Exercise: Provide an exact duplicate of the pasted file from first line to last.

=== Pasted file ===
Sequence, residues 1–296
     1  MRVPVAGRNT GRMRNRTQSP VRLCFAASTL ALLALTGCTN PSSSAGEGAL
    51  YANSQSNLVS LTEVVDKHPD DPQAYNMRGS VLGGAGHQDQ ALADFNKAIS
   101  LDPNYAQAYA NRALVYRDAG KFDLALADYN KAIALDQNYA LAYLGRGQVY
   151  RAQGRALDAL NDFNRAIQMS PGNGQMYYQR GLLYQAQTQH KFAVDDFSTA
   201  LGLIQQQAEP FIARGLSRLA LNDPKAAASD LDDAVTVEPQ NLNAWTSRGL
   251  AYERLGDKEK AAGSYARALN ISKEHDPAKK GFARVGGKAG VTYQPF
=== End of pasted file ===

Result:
Sequence, residues 1–296
     1  MRVPVAGRNT GRMRNRTQSP VRLCFAASTL ALLALTGCTN PSSSAGEGAL
    51  YANSQSNLVS LTEVVDKHPD DPQAYNMRGS VLGGAGHQDQ ALADFNKAIS
   101  LDPNYAQAYA NRALVYRDAG KFDLALADYN KAIALDQNYA LAYLGRGQVY
   151  RAQGRALDAL NDFNRAIQMS PGNGQMYYQR GLLYQAQTQH KFAVDDFSTA
   201  LGLIQQQAEP FIARGLSRLA LNDPKAAASD LDDAVTVEPQ NLNAWTSRGL
   251  AYERLGDKEK AAGSYARALN ISKEHDPAKK GFARVGGKAG VTYQPF